In times of government shutdowns, furloughed employees and companies trying to do more with less, you may be asking a lot of your employees. But, what if you are asking too much and violating the Fair Labor Standards Act (FLSA)?
In a recent case, Heyen v. Safeway Inc, Linda Heyen sued Safeway after they terminated her employment as an assistant manager. She brought the suit to recover unpaid overtime pay, contending Safeway should have classified her as a "nonexempt" employee because she regularly spent more than 50 percent of her work doing "non-exempt" tasks such as bagging groceries and stocking shelves. The court agreed and awarded her overtime pay of $26,184.60 plus interest.
Safeway appealed, arguing that the court failed to properly account for hours, she simultaneously performed exempt and nonexempt tasks, i.e. actively managing the store while also concurrently performing some stocking and bagging of customer grocery purchases.
Safeway lost on appeal when the court rejected Safeway's multitasking argument, noting that “the regulations look to the supervisor’s reason or purpose for undertaking the task. If a task is performed because it is helpful in supervising the employees or contributes to the smooth functioning of the department for which the supervisors are responsible, the work is exempt; if not, it is nonexempt.” The trial court’s jury instruction, approved by the court, read in part as follows:
"If a party claims that an employee is engaged in concurrent performance of exempt and nonexempt work, you must consider that time to be either an exempt or a nonexempt activity depending on the primary purpose for which the employee undertook the activity at that time. The nature of the activity can change from time to time."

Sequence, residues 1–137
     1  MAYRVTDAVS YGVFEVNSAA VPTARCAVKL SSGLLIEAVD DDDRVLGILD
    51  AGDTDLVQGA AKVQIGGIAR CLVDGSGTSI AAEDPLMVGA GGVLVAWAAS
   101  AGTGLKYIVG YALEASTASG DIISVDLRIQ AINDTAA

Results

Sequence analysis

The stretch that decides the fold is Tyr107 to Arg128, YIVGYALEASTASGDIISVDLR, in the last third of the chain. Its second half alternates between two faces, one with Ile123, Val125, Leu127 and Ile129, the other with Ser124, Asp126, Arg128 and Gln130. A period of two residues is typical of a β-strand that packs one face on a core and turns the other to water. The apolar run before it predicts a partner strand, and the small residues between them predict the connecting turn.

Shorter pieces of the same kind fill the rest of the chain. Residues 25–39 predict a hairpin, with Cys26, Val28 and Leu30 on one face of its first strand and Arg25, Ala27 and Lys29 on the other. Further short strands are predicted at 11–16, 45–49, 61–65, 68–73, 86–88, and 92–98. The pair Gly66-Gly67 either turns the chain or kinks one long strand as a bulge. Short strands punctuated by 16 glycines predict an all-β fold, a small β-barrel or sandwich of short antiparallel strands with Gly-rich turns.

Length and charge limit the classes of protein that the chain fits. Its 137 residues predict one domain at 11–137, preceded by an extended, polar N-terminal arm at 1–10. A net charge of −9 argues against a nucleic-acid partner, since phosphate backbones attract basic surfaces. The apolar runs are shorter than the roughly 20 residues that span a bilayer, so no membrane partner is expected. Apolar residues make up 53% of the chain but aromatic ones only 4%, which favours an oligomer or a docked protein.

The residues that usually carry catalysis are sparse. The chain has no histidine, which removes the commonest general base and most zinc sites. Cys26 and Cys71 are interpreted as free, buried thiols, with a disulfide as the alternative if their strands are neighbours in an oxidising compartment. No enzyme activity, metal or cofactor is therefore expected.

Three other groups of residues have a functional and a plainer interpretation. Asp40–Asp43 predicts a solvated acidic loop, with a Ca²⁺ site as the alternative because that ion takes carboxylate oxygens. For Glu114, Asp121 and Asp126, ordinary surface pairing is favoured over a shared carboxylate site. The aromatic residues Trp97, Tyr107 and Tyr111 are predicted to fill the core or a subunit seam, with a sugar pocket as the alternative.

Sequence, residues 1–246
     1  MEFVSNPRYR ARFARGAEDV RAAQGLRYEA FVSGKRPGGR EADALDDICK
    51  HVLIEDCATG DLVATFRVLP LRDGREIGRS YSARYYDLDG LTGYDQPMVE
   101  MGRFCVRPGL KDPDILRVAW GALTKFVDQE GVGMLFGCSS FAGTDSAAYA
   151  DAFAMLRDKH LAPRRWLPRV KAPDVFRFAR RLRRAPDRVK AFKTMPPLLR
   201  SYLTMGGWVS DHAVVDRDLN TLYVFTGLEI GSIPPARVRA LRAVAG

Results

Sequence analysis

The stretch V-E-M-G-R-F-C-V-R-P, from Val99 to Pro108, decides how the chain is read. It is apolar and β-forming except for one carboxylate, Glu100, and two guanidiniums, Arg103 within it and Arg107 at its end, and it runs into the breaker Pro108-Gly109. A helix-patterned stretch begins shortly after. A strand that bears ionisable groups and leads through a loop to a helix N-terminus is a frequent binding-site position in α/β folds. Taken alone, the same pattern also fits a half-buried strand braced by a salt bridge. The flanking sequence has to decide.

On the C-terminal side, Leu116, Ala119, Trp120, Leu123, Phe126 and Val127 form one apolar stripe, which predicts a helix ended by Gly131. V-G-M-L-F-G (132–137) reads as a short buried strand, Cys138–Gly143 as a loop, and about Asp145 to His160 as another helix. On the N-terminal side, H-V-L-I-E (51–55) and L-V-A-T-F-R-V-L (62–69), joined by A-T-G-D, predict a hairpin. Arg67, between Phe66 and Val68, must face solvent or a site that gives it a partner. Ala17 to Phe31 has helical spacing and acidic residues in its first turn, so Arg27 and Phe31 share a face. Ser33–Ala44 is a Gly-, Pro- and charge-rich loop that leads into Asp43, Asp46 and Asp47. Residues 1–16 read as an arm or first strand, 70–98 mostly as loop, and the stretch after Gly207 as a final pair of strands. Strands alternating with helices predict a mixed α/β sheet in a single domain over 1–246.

In performing the duties analysis, the court inquired into the “work actually performed by the employee during the workweek,” and also to the “employer’s realistic expectations and the realistic requirements of the job.”
Why the Court's Ruling Matters
The crux of the case and the red flag for you as an HR Manager is monitoring the work exempt employees are doing and how much of it they are doing.
According to Heyen, the real problem was that Safeway did not allocate sufficient labor capital to the store, forcing the manager to perform non-exempt tasks to fill in the gaps. This need was further exacerbated by difficulties hiring bookkeepers and labor issues.
In order for an employee to be exempt, it's not just enough that they are paid a salary. They must also have the ability to use discretion and exercise their judgment in carrying out their job duties, and they must spend more than 50% of their time performing exempt duties.
Job Descriptions - One More Reminder
We're going to remind you one more time that job descriptions are a critical component of a well run HR department and organization. Within the job description it will clearly articulate whether the position is exempt or non-exempt as well as a list of duties.
As an HR manager or member of Senior Management, you need to communicate to your employees that, should their job function begin to deviate from their documented job description, they need to let someone know. Further, you can draft a policy that states that employees are not expected to perform non-exempt tasks except in special circumstances. But ultimately, it is up to you to be aware of what employees are being asked to do on a regular basis and make sure they are staying in the 50% plus on maintaining exempt duties to avoid misclassification.
- Staffing Plus' Talent Management Strategy Featured At SHRM 2014
- Thank You - HRO Website Landing Page